In someone who is suspected of having esophageal cancer, several tests are appropriate. An endoscopy is usually the first step in evaluation. This is an outpatient test performed under sedation in which a flexible telescope is passed through your mouth and down your esophagus into your stomach. The telescope permits the physician performing the test to look at the lining of the esophagus and take a small bite of tissue, or biopsy, of any areas that look suspicious. The tissue is looked at under a microscope to determine whether there is cancer present.
Other common tests include an x-ray of the esophagus and stomach performed while swallowing a liquid that shows up on x-rays, giving your physician a picture of the lining of your esophagus. Most patients will also undergo computed tomography, or a CT scan, of the chest and abdomen to get a picture of the lungs, liver, and other organs surrounding the esophagus.
If an esophageal cancer is diagnosed, staging is the process that physicians use to determine how advanced the cancer is and whether the cancer has spread. Depending on the type of cancer, specific staging tests are performed aimed at investigating the most common areas for that cancer to spread. For esophageal cancer, the common areas of spread are the lymph glands (or lymph nodes), lungs, liver, adrenal glands, kidneys, bones, and lining of the chest and abdomen.
The CT scan of the chest and abdomen is useful to evaluate the lungs, liver, and adrenal glands for spread from an esophageal cancer, but is not much good for looking at lymph nodes for potential cancer spread. The main tumor and adjacent lymph nodes are sometimes evaluated using endoscopic ultrasonography, or EUS. This is an endoscopic test that utilizes a special telescope which emits ultrasound waves that can produce a picture of the tumor and surrounding lymph nodes. A bone scan is sometimes performed to determine whether the cancer has spread to the bones. Another useful staging test is PET scanning, which measures the level of metabolic activity in tissues and thus provides unique information about possible cancer locations.
The treatment of any cancer depends in part on the stage of cancer at the time it is diagnosed. Other considerations include the overall condition of the patient and specific symptoms the patient is having. Most cancers of the esophagus are diagnosed at a relatively late stage because symptoms of swallowing difficulty don't begin until many months after the cancer begins to grow.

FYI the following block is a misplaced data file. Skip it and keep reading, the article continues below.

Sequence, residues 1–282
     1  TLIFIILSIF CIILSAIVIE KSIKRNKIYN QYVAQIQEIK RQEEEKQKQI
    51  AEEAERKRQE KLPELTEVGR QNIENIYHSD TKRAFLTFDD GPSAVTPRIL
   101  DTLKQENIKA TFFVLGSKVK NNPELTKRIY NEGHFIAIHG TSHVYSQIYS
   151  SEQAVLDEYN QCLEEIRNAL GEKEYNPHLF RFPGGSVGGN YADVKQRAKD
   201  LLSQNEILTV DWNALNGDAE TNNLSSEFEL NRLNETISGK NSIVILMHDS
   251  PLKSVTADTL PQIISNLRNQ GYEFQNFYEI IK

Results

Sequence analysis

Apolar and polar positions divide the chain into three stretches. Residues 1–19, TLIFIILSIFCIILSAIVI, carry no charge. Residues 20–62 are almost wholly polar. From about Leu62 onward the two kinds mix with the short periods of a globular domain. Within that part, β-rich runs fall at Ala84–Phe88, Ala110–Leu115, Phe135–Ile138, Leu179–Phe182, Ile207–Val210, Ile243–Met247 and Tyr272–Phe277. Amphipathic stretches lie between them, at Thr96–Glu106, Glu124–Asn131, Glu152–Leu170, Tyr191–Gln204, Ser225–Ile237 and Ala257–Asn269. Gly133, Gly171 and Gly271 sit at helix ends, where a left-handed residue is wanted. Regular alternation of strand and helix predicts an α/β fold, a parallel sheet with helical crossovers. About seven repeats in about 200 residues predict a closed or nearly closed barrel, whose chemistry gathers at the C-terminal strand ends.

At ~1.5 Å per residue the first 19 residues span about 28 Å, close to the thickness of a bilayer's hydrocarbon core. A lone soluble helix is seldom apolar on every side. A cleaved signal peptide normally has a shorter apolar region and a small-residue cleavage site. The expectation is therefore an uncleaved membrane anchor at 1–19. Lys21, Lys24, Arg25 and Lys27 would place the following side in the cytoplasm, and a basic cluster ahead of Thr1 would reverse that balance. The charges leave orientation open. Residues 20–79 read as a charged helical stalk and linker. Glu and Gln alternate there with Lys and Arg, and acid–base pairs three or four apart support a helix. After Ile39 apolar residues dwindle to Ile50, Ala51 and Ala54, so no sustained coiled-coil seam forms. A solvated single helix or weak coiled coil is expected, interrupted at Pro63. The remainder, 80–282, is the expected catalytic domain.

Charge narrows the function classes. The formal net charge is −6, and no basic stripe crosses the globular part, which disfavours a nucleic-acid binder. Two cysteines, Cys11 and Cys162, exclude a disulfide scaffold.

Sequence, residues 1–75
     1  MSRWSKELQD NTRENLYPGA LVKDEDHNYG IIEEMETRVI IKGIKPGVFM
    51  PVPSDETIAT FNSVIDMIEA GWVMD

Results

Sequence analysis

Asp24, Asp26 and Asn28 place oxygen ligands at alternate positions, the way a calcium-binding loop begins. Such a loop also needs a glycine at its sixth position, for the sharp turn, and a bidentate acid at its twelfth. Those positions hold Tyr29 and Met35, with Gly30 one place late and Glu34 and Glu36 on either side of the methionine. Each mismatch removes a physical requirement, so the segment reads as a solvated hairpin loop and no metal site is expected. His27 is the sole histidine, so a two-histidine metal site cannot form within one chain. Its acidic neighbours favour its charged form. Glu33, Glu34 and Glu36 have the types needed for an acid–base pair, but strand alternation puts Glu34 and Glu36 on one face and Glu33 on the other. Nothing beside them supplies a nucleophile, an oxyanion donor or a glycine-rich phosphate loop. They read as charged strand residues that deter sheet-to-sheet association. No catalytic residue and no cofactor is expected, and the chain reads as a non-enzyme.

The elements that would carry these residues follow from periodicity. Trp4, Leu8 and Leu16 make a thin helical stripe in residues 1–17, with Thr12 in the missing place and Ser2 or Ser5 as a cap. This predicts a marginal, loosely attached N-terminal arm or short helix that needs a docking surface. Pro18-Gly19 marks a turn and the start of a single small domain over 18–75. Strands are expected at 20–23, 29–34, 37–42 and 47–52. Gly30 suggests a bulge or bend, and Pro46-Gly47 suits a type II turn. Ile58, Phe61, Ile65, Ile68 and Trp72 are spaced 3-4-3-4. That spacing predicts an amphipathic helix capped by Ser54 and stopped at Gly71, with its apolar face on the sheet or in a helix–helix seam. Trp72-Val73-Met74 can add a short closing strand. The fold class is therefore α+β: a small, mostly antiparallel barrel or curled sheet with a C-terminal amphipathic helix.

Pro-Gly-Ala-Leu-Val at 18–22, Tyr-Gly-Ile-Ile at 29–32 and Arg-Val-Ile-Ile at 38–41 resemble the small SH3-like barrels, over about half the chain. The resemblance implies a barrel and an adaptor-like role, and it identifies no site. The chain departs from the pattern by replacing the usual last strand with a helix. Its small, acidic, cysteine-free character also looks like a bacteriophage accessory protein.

For patients in whom the cancer has not spread to other organs, and thus is potentially curable, surgery to remove the majority of the esophagus is the main form of therapy. Many patients also receive chemotherapy (intravenous drug therapy) and radiotherapy (x-ray treatments) after surgery although there is little information to prove that these additional treatments are useful. Many cancers centers are investigating the usefulness of giving chemotherapy or chemotherapy combined with radiotherapy prior to surgery for patients who are potentially curable.
For patients who are found to have cancer spread to other organs or who, for some other reason, can't have surgery, combined chemotherapy and radiotherapy is the most common treatment. Since swallowing difficulties are not always immediately relieved by this combined therapy, other means to improve swallowing are available. These include stretching the esophagus, burning or melting the tumor away using laser treatment, or placement of a flexible tube (or stent) inside the esophagus to maintain the swallowing passage.
The likelihood of being cured of cancer depends in large part on the stage of the cancer at the time it is diagnosed. From 80% to 90% of patients with the earliest stage of esophageal cancer can expect to be alive and cancer free 5 years after treatment. However, since the typical esophageal cancer is discovered at a relatively advanced stage, the overall success rate in curing esophageal cancer is disappointing.